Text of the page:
The Public Trust Doctrine as an Interpretive Canon
William D. Araiza
Brooklyn Law School
May 22, 2012
45 U.C. Davis L. Rev. 693 (2012)
Brooklyn Law School, Legal Studies Paper No. 280
In this article Professor Araiza considers the argument for understanding an expanded version of the public trust doctrine as an interpretive canon. He argues that a canon-based understanding fits both the doctrine’s foundational importance in American law and its uncertain doctrinal grounding. These characteristics have led scholars to advocate a canon approach for other foundational, but ambiguously-based, legal rules; Professor Araiza suggests that an analogous analysis might support a similar approach to the public trust concept.
The article then applies the canon approach. It explains how a canon would operate as a preliminary matter, and then considers the canon’s proper scope and concrete implementation. It then considers and answers objections to the canon approach, ultimately concluding that none of them defeats the basic thrust of the argument. The article concludes by suggesting that the canon approach accurately reflects the fundamental meaning of the public trust canon, as an instantiation of the foundational, but incompletely-enforced, public law principle that government regulate in pursuit of the public interest.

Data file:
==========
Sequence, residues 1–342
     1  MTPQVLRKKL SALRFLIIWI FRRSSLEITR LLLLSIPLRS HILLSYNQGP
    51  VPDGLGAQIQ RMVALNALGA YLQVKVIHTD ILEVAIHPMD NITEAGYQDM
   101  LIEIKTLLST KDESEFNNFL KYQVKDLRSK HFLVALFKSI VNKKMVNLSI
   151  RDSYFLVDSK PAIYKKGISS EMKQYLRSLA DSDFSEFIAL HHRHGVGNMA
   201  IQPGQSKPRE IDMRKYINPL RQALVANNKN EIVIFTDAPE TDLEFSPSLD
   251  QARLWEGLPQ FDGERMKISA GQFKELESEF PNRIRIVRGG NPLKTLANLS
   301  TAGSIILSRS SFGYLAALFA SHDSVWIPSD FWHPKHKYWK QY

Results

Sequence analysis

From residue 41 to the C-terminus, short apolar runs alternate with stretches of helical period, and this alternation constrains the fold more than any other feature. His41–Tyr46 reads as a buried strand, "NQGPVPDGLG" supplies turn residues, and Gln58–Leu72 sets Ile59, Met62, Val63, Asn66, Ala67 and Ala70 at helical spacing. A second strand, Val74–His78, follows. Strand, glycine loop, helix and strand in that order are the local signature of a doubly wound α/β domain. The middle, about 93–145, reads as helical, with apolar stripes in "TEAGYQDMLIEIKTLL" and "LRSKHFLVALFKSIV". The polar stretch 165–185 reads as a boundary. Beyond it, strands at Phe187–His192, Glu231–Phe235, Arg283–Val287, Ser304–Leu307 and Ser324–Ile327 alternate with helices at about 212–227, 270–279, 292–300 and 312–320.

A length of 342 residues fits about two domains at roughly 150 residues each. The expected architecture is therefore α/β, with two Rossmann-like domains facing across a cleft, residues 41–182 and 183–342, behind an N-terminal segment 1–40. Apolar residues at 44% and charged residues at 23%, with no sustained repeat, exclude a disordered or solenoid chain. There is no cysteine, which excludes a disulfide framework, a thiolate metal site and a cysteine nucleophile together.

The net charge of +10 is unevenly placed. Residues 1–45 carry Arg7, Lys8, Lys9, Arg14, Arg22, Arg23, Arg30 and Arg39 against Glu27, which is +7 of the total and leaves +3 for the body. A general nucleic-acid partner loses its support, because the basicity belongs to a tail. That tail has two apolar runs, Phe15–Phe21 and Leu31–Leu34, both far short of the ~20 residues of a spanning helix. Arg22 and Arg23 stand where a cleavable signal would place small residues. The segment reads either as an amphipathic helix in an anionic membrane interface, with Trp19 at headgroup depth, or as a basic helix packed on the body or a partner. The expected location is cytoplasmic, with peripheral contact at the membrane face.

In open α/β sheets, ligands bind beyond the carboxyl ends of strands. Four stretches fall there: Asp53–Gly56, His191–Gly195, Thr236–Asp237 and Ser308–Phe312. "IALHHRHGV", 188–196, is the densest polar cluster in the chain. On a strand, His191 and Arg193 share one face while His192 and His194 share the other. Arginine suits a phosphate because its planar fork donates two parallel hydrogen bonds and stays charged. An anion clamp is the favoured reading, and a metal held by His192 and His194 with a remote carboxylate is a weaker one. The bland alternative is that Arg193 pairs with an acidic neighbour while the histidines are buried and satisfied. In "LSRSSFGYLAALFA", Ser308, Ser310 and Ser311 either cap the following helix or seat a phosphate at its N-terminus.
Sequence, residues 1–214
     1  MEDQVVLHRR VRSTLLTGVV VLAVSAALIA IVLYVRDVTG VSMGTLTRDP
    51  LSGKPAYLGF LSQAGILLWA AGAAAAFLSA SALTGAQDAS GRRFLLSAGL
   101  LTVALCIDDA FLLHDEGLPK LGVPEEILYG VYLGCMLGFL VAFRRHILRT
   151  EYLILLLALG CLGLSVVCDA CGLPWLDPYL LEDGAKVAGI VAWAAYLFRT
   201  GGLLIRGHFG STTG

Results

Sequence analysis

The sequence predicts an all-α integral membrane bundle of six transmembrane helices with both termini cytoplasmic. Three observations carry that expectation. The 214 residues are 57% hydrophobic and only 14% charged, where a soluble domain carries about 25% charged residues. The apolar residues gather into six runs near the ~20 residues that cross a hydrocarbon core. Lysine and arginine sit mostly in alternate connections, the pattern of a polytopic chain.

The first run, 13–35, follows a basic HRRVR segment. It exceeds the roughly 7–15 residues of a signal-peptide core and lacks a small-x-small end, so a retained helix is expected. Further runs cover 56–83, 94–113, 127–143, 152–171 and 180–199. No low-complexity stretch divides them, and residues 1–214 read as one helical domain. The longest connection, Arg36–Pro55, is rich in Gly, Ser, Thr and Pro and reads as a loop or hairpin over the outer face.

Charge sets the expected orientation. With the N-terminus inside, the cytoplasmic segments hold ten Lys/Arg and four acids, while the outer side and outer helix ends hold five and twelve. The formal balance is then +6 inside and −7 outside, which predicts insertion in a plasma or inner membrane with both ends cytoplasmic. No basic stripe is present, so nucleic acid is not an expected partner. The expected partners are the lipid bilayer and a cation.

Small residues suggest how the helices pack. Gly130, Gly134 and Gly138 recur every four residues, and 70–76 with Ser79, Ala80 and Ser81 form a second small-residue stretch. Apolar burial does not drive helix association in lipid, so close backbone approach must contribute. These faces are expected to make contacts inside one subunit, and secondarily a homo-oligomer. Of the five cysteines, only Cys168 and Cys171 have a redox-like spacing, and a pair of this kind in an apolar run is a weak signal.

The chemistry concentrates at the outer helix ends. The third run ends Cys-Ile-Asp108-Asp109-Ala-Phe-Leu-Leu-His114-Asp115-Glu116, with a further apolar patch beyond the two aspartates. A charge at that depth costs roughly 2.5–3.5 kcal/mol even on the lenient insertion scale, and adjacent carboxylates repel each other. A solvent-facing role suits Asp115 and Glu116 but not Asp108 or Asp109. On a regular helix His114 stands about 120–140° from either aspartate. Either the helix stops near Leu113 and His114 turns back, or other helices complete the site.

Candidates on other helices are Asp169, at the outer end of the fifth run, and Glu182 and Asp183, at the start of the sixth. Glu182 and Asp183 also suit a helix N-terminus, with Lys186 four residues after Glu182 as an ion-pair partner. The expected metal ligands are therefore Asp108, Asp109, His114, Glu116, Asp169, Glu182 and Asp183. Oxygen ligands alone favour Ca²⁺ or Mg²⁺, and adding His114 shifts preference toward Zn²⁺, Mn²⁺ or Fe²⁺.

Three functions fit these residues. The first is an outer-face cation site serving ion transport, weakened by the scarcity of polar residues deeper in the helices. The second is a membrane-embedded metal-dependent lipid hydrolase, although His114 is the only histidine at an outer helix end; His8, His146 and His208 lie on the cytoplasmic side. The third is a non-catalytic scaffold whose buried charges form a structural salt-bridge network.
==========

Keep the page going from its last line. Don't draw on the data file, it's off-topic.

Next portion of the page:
Number of Pages in PDF File: 48
Keywords: public trust doctrine, interpretive canons, natural resourcesAccepted Paper Series
Date posted: May 23, 2012
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